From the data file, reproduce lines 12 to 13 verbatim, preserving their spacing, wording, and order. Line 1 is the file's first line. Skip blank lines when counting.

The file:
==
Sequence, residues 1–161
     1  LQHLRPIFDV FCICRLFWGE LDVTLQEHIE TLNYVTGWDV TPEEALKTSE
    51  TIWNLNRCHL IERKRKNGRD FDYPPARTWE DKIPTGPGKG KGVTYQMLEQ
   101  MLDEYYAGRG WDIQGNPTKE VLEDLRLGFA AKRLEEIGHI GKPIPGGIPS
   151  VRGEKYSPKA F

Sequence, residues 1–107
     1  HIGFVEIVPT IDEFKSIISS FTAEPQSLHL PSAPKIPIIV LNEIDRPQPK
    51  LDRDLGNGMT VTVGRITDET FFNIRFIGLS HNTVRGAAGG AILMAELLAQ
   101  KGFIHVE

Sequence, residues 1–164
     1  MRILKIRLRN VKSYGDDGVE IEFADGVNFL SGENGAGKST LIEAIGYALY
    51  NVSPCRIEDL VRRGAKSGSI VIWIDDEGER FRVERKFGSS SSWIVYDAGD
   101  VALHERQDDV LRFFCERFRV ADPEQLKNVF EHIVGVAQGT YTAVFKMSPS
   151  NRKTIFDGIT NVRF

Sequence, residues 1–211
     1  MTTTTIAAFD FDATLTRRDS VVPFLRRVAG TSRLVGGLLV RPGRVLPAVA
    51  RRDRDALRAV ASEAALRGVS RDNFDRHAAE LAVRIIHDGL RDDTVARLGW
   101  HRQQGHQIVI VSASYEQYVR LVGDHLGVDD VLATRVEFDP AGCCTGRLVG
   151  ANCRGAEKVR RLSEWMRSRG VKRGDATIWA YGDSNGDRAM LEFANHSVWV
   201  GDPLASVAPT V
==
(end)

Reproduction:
    51  NVSPCRIEDL VRRGAKSGSI VIWIDDEGER FRVERKFGSS SSWIVYDAGD
   101  VALHERQDDV LRFFCERFRV ADPEQLKNVF EHIVGVAQGT YTAVFKMSPS